Substance Use Disorders

Kavanagh, David J., Connor, Jason and Young, Ross (2010). Substance Use Disorders. In Jay C. Thomas and Michael Hersen (Ed.), Handbook of Clinical Psychology Competencies (pp. 901-928) New York: Springer Science + Business Media. doi:10.1007/978-0-387-09757-2_32

Author Kavanagh, David J.
Connor, Jason
Young, Ross
Title of chapter Substance Use Disorders
Title of book Handbook of Clinical Psychology Competencies
Place of Publication New York
Publisher Springer Science + Business Media
Publication Year 2010
Sub-type Critical review of research, literature review, critical commentary
DOI 10.1007/978-0-387-09757-2_32
Year available 2010
ISBN 9780387097565
Editor Jay C. Thomas
Michael Hersen
Volume number 2
Chapter number 10
Start page 901
End page 928
Total pages 28
Total chapters 20
Collection year 2011
Language eng
Abstract/Summary Basic competencies in assessing and treating substance use disorders should be core to the training of any clinical psychologist, because of the high frequency of risky or problematic substance use in the community, and its high co-occurrence with other problems. Skills in establishing trust and a therapeutic alliance are particularly important in addiction, given the stigma and potential for legal sanctions that surround it. The knowledge and skills of all clinical practitioners should be sufficient to allow valid screening and diagnosis of substance use disorders, accurate estimation of consumption and a basic functional analysis. Practitioners should also be able to undertake brief interventions including motivational interviews, and appropriately apply generic interventions such as problem solving or goal setting to addiction. Furthermore, clinical psychologists should have an understanding of the nature, evidence base and indications for biochemical assays, pharmacotherapies and other medical treatments, and ways these can be integrated with psychological practice. Specialists in addiction should have more sophisticated competencies in each of these areas. They need to have a detailed understating of current addiction theories and basic and applied research, be able to undertake and report on a detailed psychological assessment, and display expert competence in addiction treatment. These skills should include an ability to assess and manage complex or co-occurring problems, to adapt interventions to the needs of different groups, and to assist people who have not responded to basic treatments. They should also be able to provide consultation to others, undertake evaluations of their practice, and monitor and evaluate emerging research data in the field. © Springer Science+Business Media, LLC 2010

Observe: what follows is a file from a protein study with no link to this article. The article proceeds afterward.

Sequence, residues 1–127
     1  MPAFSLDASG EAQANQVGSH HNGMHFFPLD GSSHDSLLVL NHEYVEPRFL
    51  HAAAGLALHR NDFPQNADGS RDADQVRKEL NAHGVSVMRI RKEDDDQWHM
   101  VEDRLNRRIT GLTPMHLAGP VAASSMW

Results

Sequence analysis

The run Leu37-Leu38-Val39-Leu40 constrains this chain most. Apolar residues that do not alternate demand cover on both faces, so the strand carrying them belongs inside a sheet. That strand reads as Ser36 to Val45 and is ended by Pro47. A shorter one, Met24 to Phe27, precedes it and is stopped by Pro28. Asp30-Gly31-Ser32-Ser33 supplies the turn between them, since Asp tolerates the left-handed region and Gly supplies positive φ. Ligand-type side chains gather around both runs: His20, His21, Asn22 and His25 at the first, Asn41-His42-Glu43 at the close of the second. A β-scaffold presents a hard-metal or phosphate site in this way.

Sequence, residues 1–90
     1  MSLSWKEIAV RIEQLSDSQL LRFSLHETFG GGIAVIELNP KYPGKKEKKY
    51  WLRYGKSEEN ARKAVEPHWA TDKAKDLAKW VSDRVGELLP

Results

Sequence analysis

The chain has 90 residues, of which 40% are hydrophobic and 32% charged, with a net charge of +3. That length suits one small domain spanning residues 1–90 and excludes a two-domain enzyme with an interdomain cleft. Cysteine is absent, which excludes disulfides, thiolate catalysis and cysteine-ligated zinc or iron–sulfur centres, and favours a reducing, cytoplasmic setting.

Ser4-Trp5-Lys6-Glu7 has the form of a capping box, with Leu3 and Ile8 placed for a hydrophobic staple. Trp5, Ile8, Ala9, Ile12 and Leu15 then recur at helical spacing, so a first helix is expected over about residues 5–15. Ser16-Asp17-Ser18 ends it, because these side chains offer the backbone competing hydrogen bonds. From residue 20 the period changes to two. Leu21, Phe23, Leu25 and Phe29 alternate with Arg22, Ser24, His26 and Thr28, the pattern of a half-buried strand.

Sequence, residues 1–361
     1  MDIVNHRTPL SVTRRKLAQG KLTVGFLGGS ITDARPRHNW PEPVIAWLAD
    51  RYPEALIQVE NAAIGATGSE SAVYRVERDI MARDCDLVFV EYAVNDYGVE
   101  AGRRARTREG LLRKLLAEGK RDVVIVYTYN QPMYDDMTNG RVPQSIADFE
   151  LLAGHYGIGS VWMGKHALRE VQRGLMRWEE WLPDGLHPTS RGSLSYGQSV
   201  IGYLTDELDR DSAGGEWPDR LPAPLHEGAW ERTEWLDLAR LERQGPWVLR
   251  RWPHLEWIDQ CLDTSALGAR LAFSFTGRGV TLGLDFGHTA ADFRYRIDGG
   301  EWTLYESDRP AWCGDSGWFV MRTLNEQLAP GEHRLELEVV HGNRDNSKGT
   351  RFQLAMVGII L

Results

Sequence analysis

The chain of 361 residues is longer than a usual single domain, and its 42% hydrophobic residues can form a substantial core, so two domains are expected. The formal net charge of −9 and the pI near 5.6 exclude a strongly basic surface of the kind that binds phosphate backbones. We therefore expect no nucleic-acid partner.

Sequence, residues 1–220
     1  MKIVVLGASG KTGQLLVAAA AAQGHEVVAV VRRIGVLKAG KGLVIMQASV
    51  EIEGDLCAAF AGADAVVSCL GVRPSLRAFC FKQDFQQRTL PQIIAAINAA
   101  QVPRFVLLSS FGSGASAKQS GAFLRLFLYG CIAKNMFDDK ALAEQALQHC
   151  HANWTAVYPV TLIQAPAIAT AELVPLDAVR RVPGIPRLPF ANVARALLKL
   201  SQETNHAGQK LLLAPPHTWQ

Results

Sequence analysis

Keyword Substance Use Disorders
Multidisciplinary approach
Psychoactive agents
Q-Index Code BX
Q-Index Status Confirmed Code
Institutional Status UQ

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Created: Wed, 10 Nov 2010, 11:47:07 EST by Sheila Cleary on behalf of Psychiatry - Royal Brisbane and Women's Hospital